Whoever we had asked about Alnwick and things to do, said mainly two things. And while I’m not one for tours around old castles, like Alnwick Castle, I was truly intrigued to see the village’s second attraction: Barter Books. Located in an old railway station, still complete with waiting halls and hanging clocks, this is a one-of-a-kind book shop, supposedly the largest second-hand book shop in Europe, and certainly one of the most impressive ones I have ever seen. There are books about literally everything, from any time, and there is even a little choo choo train patrolling overhead the book shelfs.
a one-of-a-kind bookshop, supposedly the largest second hand bookshop in Europe
For our final afternoon in Northumberland we had arranged to meet Paul, Michael’s other half at Adventure Northumberland, in Warkworth, a small town along the River Coquet. He wanted to show us the river from a cool perspective, so we forced on those wet suits again and jumped onto a sit-on-top kayak. Together we paddled up the river, greeting some water birds on the way and spotting the tower of Warkworth Castle. A little further up the river we came across the Warkworth Hermitage, a historic site dating back to the 14th century. Rumour has it that back then a priest had carved his home into this rock, and remained there at the service of the local earl, foretelling his fortune in upcoming battles and wars. You can visit the ‘cave’ which is a little creepy, but also really cool to see. In Warkworth there is also an old stone bridge, where you will paddle underneath. It’s a foot bridge today, but just imagine the heavy wagons that once crossed the river on it!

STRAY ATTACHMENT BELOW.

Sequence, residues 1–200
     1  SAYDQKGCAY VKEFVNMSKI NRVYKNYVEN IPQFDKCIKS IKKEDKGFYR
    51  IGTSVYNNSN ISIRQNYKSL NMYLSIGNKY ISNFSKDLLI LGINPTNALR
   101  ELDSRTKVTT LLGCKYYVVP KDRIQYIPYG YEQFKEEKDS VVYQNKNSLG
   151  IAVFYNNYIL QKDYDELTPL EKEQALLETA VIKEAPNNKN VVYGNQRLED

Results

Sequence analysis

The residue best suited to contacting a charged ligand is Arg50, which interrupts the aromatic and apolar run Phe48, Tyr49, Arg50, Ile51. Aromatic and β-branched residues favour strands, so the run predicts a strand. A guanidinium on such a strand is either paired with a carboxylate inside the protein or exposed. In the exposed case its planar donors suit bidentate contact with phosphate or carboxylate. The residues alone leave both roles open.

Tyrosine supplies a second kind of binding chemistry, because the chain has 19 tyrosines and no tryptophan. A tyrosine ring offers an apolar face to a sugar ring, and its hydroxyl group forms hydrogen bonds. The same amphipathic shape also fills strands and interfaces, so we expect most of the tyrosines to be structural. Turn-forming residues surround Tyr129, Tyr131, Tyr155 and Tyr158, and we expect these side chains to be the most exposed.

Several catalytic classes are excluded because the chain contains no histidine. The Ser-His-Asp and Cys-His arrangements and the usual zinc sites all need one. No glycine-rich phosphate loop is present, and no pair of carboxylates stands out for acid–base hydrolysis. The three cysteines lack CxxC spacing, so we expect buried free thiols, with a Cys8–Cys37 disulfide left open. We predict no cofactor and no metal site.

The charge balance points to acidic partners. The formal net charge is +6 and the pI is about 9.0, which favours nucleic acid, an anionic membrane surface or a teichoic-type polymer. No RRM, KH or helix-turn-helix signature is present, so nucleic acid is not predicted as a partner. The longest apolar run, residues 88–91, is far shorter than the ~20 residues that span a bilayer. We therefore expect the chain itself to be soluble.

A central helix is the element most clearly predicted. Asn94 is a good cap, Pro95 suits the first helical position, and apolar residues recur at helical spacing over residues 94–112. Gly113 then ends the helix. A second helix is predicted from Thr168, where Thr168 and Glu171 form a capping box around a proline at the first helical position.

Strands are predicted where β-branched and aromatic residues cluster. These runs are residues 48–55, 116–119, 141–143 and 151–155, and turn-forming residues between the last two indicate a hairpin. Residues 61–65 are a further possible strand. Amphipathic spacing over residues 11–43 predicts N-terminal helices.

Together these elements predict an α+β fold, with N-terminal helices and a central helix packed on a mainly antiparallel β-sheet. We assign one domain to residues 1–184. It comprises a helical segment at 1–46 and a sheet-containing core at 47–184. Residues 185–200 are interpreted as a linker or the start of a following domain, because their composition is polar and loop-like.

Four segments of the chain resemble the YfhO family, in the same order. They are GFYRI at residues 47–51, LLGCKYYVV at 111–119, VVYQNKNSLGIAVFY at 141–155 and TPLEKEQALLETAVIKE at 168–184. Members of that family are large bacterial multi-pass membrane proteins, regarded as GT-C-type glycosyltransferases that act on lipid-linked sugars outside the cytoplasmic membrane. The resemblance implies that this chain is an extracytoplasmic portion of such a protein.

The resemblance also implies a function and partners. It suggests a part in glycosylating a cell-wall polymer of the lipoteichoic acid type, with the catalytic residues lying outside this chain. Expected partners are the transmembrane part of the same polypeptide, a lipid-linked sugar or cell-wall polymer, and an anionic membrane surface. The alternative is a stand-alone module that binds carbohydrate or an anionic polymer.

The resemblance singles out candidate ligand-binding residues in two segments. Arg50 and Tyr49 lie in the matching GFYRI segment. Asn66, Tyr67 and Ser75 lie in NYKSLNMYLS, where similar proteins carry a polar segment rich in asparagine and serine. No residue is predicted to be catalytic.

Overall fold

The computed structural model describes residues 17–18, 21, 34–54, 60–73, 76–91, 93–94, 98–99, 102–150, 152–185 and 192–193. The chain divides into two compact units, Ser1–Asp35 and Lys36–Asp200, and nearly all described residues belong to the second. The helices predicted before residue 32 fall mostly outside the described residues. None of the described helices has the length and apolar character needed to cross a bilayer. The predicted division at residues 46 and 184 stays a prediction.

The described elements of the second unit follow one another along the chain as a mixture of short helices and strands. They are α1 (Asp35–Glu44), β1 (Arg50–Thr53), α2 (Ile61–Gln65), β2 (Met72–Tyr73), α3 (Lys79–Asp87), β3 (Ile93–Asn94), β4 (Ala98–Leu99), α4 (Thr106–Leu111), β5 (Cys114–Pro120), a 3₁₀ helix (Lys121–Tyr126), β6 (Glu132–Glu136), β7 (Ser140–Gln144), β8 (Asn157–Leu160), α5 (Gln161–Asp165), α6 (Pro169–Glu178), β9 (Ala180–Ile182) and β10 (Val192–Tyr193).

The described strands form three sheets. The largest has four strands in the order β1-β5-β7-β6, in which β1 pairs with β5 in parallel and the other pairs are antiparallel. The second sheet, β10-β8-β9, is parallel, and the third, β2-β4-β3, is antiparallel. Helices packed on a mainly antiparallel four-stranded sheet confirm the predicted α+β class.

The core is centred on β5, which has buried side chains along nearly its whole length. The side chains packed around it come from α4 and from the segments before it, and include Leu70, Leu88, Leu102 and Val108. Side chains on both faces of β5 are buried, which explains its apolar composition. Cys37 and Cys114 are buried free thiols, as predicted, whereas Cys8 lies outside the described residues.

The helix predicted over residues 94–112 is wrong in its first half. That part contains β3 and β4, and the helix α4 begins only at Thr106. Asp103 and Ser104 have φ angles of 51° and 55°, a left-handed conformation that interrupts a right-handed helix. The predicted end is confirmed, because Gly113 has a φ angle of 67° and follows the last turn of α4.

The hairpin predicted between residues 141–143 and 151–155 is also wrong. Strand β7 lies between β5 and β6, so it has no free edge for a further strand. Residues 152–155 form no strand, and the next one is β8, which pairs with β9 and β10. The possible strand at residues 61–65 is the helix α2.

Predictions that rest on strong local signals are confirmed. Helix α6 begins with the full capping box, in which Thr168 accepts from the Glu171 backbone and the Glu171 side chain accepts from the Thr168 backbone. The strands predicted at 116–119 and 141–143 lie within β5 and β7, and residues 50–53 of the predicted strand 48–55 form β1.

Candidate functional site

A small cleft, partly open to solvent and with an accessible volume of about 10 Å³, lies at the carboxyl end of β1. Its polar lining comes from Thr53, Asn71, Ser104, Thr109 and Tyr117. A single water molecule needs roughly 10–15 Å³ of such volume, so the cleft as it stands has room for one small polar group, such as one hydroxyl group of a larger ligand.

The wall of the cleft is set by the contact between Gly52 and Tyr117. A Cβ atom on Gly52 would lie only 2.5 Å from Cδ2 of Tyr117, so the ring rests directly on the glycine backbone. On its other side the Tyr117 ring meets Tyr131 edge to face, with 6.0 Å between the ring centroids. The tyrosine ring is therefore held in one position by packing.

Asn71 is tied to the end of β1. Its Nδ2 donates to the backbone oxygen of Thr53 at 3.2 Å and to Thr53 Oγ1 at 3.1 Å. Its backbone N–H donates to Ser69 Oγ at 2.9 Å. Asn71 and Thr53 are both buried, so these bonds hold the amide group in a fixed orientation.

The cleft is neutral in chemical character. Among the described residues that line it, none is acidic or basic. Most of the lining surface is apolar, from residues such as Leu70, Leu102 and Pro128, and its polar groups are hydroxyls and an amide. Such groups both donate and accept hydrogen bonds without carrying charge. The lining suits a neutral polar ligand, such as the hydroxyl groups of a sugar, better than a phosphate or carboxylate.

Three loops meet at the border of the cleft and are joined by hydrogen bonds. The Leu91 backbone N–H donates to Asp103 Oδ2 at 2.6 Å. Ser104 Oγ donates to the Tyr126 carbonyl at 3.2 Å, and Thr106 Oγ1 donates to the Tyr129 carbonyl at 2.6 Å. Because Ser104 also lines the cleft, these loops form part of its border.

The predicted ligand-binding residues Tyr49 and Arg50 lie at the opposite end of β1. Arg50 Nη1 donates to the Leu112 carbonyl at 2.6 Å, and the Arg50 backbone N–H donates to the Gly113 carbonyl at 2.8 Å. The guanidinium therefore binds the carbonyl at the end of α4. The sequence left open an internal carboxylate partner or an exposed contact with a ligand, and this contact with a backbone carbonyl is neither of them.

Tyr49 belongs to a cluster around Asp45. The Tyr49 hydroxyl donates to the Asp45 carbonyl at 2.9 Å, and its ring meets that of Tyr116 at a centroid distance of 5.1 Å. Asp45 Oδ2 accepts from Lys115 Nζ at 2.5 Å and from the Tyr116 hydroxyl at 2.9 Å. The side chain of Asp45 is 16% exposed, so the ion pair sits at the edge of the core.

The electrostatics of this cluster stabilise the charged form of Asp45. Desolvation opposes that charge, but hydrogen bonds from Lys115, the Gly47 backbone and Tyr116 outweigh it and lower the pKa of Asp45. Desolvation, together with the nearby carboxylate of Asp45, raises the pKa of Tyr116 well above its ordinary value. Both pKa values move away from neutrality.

Sea Kayaking Adventure, Northumberland
Edinburgh Bus Tour
Forbidden Corner Tour
So we forced on those wet suits again and jumped onto a sit-on-top kayak
After returning to Warkworth and bidding our goodbyes to Paul, we filled our bellies with English pub grub one last time – definitely try The Mason Arms pub and sit out in the back (if it’s warm enough). Even though our initial plans had changed, our ‘wet’ weekend in Northumberland turned out to be one of the best trips in England I have taken so far. It really is a beautiful region, and if you find yourself wondering where to go in Northern England, consider to make your way up here! Newcastle is just around the corner, and even a bigger airport like Manchester is just 3.5hrs of drive away.